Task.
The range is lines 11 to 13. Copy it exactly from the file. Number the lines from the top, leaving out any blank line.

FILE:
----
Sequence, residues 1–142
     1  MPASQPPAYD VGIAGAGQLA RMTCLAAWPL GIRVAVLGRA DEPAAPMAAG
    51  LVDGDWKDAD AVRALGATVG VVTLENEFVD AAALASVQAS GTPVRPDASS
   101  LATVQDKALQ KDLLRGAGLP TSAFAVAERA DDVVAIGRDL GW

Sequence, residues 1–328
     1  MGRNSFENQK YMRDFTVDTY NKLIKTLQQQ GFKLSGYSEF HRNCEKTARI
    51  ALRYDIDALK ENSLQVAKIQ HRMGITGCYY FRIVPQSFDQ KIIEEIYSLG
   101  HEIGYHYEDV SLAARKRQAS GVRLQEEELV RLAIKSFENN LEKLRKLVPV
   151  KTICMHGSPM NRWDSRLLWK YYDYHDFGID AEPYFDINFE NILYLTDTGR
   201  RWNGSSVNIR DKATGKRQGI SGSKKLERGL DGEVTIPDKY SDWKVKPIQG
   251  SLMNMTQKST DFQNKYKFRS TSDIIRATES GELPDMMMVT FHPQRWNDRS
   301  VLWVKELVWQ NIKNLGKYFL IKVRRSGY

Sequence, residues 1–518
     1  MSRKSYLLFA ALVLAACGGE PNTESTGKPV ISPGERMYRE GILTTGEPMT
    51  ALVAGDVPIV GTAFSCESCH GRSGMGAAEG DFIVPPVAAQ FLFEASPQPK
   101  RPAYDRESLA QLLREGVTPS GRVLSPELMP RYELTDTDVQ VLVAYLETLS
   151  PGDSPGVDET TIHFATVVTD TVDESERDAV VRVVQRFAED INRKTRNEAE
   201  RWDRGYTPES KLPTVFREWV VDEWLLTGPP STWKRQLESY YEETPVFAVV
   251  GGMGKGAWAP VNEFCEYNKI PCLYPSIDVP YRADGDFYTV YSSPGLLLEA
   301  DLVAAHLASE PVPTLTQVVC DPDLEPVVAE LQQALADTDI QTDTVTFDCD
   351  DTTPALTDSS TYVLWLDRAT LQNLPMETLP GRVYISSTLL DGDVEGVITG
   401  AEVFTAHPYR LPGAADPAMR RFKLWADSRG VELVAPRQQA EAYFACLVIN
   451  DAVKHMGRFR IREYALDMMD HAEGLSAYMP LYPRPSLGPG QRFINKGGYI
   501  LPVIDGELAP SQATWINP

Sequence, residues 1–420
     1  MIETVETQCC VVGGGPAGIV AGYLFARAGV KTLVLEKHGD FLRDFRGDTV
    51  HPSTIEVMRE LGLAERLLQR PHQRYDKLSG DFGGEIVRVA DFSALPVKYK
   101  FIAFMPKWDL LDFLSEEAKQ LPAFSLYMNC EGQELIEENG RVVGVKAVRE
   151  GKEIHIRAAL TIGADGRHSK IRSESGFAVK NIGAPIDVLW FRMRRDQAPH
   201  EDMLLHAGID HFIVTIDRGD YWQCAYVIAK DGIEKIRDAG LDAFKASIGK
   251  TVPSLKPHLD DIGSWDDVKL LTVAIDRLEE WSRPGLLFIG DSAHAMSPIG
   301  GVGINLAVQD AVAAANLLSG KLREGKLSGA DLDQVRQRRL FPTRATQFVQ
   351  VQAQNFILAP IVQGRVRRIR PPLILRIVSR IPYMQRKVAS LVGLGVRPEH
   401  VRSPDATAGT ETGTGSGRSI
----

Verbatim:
   251  SLMNMTQKST DFQNKYKFRS TSDIIRATES GELPDMMMVT FHPQRWNDRS
   301  VLWVKELVWQ NIKNLGKYFL IKVRRSGY

Sequence, residues 1–518